Your astrological sign can main you, kill you or make you insane (or not?)

Can day of birth (as in here, here too and there) or  astrological sign affect later outcomes?

These are essentially the same question – astrological sign is determined by  the day of one’s birth but our reaction to the question is different. Asked in the first way, this is a legit question about an Epidemiological signal known since antiquity and is officially known as «season of birth effect» (SBE). (Historical trivia: the first use of this term may be found in Ellsworth’s Huntington book: Season of Birth: Its Relation to Human Abilities published in 1938). The SBE appears to be relevant for many diseases, outcomes and human populations and countries. Since we westerners are more likely to bite the bullet from cardiovascular disease or cancer, rest assured that the association has been noted for the former and the latter (though not everyone agrees)

Asked in the second way, the same question can immediately bring ridicule and shame on the scientifically oriented person who dares to ask it. In fact there is a small cottage industry of papers that use astrological sign in order to caution/warn/ridicule/discredit subgroup analyses in clinical datasets. The most famous of this is a subgroup analysis of the ISIS-2 but there are certainly others.

So what makes us think that the Season of Birth Effect is real and worthy of study across disciplines, while the astrological sign association is bogus and should be discarded any time it is detected? The answer may be found in the framing effect, a form of cognitive bias in which our reaction and even answer to the same question critically depends on the way it is framed. Though the framing effect is particularly relevant in sociology, it is also operational in medicine particularly affecting the choices patients make depending on the format of presentation of the same information.

So if framing effects are also operational in scientific discourse (at least in the medical field) how do we deal with them? The first way is to acknowledge their potential presence so as to minimize their impact by appropriate use of neutral terminology and avoid sensationalism when describing associations and effects. As the season-of-birth effect example shows one can present the same information to evoke sharply different responses, so one should always be on the look for emotions when reading a story in either the scientific or the lay press.

So to come back to the initial question: does one’s day of birth or astrological sign affect later outcomes? The associations seem to be there and are relatively consistent and reproducible so some phenomenon must be at play. Whether this phenomenon is real or a statistical analysis artifact (e.g. could age-period-cohort effects and the troubled history of the 20th century be at play here) is something I don’t know. But I would certainly be willing to find more about it, irrespective of whether the information is presented by month of birth or astrological sign 🙂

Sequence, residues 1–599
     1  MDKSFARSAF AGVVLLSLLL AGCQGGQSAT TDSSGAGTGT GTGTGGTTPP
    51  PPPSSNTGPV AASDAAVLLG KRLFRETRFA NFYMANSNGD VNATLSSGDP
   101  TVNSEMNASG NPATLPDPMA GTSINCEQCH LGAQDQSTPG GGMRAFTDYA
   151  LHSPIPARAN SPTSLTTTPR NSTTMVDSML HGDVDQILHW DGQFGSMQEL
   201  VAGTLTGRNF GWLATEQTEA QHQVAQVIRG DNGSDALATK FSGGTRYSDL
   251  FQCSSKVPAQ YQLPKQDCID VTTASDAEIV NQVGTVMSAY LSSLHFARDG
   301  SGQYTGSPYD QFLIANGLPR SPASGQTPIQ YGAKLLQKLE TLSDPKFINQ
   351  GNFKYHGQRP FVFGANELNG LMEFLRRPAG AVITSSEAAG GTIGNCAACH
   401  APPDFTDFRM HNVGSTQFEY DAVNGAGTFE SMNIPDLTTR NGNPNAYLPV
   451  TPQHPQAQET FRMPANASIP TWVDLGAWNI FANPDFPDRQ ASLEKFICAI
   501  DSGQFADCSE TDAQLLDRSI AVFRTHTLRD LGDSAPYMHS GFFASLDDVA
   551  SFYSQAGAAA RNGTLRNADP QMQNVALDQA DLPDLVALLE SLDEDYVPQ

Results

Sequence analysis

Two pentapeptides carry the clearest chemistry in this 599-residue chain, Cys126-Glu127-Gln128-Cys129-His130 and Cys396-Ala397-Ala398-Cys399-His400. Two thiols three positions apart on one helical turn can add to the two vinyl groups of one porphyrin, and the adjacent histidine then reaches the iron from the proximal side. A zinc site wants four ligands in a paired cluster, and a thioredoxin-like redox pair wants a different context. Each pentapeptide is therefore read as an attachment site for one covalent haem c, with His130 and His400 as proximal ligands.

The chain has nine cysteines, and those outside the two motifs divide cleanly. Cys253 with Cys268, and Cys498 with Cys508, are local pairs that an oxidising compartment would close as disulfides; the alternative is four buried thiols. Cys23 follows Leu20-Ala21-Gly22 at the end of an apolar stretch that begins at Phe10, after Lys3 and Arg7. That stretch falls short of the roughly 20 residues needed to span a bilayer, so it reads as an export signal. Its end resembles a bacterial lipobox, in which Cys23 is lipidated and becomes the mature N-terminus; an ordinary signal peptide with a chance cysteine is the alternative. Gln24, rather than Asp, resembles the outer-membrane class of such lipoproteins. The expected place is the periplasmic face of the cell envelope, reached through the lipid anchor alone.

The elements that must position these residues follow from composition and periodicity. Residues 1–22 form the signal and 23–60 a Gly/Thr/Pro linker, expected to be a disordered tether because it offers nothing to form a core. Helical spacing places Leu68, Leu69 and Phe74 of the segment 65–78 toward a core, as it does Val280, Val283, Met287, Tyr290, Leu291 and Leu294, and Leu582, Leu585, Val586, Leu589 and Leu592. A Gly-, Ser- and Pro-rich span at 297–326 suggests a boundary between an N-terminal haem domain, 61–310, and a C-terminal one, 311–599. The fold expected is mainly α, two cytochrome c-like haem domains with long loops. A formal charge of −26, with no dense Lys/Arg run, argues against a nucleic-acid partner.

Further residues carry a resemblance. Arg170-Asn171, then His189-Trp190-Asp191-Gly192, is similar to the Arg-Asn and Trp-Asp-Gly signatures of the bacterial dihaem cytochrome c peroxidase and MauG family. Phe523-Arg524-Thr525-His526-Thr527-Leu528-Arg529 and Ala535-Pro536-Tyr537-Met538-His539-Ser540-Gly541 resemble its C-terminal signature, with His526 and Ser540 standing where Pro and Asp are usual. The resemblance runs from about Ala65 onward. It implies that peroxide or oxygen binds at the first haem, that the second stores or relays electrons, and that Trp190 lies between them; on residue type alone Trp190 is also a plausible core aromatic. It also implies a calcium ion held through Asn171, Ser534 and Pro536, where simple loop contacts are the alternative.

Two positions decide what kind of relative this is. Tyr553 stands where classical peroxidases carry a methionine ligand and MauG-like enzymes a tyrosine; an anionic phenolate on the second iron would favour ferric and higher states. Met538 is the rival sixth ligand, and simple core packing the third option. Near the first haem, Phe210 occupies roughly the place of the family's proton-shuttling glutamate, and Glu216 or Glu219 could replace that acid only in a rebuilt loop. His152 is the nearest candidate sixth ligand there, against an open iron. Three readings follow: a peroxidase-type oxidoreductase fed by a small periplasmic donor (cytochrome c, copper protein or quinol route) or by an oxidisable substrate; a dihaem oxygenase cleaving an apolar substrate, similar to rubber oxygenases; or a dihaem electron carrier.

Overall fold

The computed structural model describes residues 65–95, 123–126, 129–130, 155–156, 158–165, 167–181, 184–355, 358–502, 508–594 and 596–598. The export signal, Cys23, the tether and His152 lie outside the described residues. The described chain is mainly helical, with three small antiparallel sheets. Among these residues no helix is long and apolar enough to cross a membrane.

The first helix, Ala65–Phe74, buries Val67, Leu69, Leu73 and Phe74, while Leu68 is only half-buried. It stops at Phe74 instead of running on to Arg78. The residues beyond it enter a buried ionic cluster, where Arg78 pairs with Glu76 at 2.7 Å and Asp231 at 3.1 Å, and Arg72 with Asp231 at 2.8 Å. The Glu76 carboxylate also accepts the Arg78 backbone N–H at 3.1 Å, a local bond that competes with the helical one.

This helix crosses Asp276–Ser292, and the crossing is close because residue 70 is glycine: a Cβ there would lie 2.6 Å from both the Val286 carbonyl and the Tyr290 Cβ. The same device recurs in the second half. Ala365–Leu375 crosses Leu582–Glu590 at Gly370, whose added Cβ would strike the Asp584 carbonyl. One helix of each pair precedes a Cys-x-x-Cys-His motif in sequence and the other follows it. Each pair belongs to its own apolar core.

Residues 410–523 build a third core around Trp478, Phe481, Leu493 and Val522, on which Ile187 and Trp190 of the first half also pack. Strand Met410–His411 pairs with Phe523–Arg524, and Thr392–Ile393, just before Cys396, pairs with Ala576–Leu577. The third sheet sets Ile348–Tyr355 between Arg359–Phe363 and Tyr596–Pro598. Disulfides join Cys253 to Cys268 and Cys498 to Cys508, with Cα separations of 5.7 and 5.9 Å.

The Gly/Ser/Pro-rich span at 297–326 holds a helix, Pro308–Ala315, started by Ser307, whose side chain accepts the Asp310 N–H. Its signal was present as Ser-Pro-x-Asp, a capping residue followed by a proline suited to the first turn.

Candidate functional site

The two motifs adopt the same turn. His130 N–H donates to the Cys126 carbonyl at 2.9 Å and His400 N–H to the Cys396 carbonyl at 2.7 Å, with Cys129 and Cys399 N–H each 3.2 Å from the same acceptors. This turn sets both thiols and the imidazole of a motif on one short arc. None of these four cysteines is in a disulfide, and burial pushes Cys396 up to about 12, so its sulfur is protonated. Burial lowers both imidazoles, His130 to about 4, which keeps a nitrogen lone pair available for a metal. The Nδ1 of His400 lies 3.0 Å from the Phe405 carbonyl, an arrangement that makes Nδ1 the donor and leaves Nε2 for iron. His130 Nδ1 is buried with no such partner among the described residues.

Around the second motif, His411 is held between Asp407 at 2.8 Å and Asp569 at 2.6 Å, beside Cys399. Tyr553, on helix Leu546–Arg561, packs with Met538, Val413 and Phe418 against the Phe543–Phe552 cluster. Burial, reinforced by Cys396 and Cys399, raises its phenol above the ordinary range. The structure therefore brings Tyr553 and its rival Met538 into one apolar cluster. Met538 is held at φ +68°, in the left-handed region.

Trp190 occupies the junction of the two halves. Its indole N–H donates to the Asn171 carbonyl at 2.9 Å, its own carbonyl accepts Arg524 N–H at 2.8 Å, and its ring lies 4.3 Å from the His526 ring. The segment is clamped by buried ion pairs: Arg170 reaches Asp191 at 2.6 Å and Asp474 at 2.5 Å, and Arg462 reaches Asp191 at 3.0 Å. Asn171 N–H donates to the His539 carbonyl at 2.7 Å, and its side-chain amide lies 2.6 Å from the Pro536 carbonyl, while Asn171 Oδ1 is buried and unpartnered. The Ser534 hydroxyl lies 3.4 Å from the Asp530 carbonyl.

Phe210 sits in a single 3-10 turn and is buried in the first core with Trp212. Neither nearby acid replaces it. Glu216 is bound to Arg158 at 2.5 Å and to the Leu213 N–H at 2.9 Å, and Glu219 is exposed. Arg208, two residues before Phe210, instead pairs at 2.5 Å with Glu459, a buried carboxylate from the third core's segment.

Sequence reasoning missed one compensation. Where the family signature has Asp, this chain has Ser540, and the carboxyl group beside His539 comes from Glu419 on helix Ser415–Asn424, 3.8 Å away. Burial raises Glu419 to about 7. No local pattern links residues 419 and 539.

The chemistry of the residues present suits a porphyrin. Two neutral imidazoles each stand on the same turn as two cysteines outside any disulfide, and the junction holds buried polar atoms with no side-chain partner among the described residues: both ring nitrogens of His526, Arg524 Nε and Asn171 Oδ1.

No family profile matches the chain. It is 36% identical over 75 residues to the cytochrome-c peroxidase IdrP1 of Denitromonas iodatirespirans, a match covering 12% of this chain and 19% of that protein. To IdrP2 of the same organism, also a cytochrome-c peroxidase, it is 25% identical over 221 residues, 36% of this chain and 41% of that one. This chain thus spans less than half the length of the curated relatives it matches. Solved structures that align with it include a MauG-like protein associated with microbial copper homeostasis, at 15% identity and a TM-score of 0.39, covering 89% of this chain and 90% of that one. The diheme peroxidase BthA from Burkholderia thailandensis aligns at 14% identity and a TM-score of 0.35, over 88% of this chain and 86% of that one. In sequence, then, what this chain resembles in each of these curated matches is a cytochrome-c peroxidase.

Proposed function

About Christos Argyropoulos

I am a a clinical and translational science researcher with over 12 years experience in these fields. My research track record includes 27 publications (which collectively have received more than 600 citations), numerous talks and poster presentations/showcases in research conferences, competitive international prices and awards and contribution of educational material in book chapters and medical journals. I received my medical and doctorate degrees in Greece, and completed my Internal Medicine residency training at the University of Cincinnati. I was trained in Nephrology and transplant Nephrology at the University of Pittsburgh Medical Center. Subsequently, I went on to work in Medical Affairs for multinational pharmaceutical companies, prior to joining the University of New Mexico in 2014. My research interest revolve around the understanding of the mechanisms of human kidney disease through the development of analytical methods (with a very strong Bayesian flavor) for the analyses of complex biomedical data from molecules to hundreds of thousands of patients. As a clinical researcher, I have supervised large clinical studies in late phase drug development and epidemiology involving thousands of patients. More recently, my research has focused on two parallel tracks: the use of big data coupled with statistical modelling to understand the epidemic of kidney disease in the USA and the understanding of a novel clinical measurement, i.e. microRNAs. My work in the microRNA field involves both analytical method development and clinical discovery projects. I am currently collaborating with the college of pharmacy, family and community medicine, biochemistry and a number of divisions such as epi/biostatistics and endocrinology, research institutions (e.g. Institute for Systems Biology and Pacific Northwest Research Laboratory) and biotechnology companies that are active in the microRNA biomarker field. In parallel to these research activities I maintain a clinically active service, as an Assistant Professor at the University of New Mexico, in the inpatient services at both UNM Hospitals and Sandoval Regional Medical Center. I am the medical director of the acute dialysis unit at UNMH, the Infusion Center at SRMC, the medical director dialysis clinic/outreach nephrology clinic in Cuba New Mexico and the medical lead of the living and paired exchange transplant program at UNMH.
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